Skip to content

Local Council Elections

March 23, 2010

Third vote must represent all races, say PAS

By G. Manimaran and Syed Mu’az Syed Putra, Malaysian Insider

KUALA LUMPUR, March 23 — PAS has proposed a mix of elected and nominated councillors for local governments to reflect the interests of various groups and races if the Election Commission (EC) agrees to implement the third vote.

PAS vice-president Datuk Mahfuz Omar (picture) is leading a special party committee overseeing all aspects of the third vote that will ensure the interest of professionals, activists and all races will be included in the administration if there are local government elections.

The EC is due to announce its response later today to holding such elections after requests from Pakatan Rakyat (PR) states Penang and Selangor.

“The PAS committee will see how the third vote can be implemented while taking care of any concerns it will be unfair,” Mahfuz told The Malaysian Insider, stressing the Islamist party supports strengthening local democracy as outlined in PR’s Common Policy Framework.

The PAS-dominated PR governments in both Kedah and Kelantan have yet to announce their support for local government elections, triggering talk that the party is not supporting the move pushed by the DAP within the coalition.

But Mahfuz said PAS just wanted to ensure that all levels of society are represented in local councils rather than it remain a race among politicians to dominate another layer of government.

“There are the ultra-Malays, especially Umno, who claim that local government elections will reduce Malay representation if a particular race wins. Only one party would spread such concerns,” the Pokok Sena MP added.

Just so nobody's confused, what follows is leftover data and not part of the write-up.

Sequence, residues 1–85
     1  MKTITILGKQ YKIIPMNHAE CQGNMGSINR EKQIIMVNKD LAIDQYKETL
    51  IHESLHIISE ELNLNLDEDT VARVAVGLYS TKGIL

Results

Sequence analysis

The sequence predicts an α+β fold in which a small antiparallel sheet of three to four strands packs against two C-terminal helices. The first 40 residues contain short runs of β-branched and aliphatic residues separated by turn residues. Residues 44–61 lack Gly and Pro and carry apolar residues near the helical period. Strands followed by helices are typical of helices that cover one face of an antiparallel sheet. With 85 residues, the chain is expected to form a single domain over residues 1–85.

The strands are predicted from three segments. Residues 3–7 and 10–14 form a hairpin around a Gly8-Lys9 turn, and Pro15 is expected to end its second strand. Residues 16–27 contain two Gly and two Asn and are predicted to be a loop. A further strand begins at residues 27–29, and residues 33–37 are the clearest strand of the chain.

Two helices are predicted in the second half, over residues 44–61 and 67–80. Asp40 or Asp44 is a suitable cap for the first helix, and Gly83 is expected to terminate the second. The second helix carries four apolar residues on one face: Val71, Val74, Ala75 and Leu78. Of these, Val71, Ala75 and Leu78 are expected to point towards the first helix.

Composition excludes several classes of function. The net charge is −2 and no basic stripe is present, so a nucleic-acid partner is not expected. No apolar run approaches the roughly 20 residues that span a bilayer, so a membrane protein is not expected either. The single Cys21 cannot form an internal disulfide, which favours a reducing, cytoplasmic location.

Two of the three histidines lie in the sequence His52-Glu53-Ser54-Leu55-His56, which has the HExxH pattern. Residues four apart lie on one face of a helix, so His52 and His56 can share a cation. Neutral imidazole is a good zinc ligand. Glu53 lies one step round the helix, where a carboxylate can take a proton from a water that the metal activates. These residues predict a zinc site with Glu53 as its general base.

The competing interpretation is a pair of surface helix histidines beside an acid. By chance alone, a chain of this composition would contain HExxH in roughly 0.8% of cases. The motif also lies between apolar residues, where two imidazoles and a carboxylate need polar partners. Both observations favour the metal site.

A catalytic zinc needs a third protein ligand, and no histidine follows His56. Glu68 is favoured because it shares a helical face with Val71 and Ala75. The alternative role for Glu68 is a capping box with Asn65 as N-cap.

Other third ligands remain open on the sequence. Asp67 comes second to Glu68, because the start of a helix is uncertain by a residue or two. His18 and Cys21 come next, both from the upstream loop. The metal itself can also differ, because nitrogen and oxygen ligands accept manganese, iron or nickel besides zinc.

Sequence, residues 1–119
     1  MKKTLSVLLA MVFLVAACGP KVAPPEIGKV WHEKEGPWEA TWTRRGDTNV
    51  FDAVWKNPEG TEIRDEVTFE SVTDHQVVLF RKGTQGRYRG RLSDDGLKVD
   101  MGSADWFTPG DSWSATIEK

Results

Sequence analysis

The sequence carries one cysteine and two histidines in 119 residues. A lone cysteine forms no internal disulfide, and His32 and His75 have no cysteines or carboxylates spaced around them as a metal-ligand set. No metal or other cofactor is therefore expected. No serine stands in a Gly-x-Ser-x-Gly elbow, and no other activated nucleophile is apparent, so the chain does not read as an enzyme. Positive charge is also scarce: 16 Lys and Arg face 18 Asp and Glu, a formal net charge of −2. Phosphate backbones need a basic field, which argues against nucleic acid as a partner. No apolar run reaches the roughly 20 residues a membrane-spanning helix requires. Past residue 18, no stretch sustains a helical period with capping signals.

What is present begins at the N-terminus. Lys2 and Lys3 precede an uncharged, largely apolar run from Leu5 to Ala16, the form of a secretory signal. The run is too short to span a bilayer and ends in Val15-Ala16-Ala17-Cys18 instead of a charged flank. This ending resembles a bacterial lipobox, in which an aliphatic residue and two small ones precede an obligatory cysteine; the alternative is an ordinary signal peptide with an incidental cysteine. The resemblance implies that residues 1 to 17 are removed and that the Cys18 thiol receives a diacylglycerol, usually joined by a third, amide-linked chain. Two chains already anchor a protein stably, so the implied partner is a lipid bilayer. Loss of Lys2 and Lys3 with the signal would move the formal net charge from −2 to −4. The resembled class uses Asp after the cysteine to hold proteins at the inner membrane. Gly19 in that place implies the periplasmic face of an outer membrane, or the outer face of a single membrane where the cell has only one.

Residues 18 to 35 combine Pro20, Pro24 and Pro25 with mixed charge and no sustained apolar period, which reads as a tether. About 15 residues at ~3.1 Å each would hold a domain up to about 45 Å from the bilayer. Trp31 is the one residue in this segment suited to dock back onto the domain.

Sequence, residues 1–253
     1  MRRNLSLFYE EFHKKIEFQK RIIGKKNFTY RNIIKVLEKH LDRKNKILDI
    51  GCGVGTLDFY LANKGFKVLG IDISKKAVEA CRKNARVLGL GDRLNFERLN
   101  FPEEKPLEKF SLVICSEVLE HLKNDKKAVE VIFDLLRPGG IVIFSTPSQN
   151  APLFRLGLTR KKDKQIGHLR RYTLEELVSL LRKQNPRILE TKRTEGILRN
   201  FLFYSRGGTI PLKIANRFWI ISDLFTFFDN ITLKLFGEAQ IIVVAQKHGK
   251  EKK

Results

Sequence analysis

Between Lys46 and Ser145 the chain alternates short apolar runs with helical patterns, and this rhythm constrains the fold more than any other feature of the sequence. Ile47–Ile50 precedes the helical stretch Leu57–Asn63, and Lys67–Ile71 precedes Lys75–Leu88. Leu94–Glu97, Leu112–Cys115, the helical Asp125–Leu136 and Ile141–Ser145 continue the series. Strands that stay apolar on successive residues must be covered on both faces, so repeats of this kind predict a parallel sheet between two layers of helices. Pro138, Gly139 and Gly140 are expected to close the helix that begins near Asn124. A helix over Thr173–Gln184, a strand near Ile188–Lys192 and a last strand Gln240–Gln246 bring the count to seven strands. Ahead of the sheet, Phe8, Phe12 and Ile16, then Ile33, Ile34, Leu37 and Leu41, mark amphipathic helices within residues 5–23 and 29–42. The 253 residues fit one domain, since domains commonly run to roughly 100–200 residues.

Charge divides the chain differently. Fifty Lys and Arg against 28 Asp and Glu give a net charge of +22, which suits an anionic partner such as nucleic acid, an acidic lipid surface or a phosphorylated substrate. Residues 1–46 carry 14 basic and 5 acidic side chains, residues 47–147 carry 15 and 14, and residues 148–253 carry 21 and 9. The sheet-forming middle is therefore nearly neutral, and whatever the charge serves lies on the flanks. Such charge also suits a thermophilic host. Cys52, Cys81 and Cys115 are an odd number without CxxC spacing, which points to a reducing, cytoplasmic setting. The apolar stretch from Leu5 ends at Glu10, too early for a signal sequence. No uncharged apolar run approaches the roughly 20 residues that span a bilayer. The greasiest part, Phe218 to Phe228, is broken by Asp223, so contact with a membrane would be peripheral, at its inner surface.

He said apart from racial balance, there were also concerns about representation from both professional and NGO groups, including the business community.

He said the committee will study several models including Hong Long, which has a mix of elected and nominated members of its legislative council

“We are considering many possibilities, perhaps 60 per cent are elected and 40 per cent get nominated. If that is the case, then the groups that are under-represented after the election can get representation,” he added.

Mahfuz said the party wants to change negative perceptions about the third vote, which Prime Minister Datuk Seri Najib Razak has rejected.

“Discard the issue or race… don’t worry that it will be controlled by just one race but see it as change that will benefit the people especially the tax-payers,” he said to the perception that non-Malays will dominate the elections.

“We don’t see local government elections as an issue unlike Umno-Barisan Nasional. We see it as a forming a local government made up of various races that will serve the people,” the outspoken party vice-president added.

Mahfuz predicted that the EC is likely to reject the third vote proposal, adding his party is also considering other mechanisms that will reflect democracy in the composition of local councils.

“From the reaction of the prime minster, I think the EC will not make a decision that enables them to run local government elections. If this happens, PAS will have to find a way to see how the local council composition can be determined,” he added, saying his committee will meet soon to discuss the matter.

The Penang and Selangor governments have written to the EC to discuss the issue before the commission makes it decision.

The EC has said it is considering both Penang and Selangor’s request for local government elections which were suspended in 1965 at the outset of the Confrontation with Indonesia. Local government elections first began in then Malaya in 1951 but the last such elections were held 10 years later.

“We have completed our in-depth discussions into the matter. Wait for our decision that we will announce tomorrow,” EC deputy chairman Datuk Wira Wan Ahmad Wan Omar told The Malaysian Insider last night.

One Comment leave one →
  1. December 3, 2010 3:24 AM

    Tulisan yang baik dan pengajaran yang bermakna🙂

Leave a Reply

Fill in your details below or click an icon to log in:

WordPress.com Logo

You are commenting using your WordPress.com account. Log Out / Change )

Twitter picture

You are commenting using your Twitter account. Log Out / Change )

Facebook photo

You are commenting using your Facebook account. Log Out / Change )

Google+ photo

You are commenting using your Google+ account. Log Out / Change )

Connecting to %s

%d bloggers like this: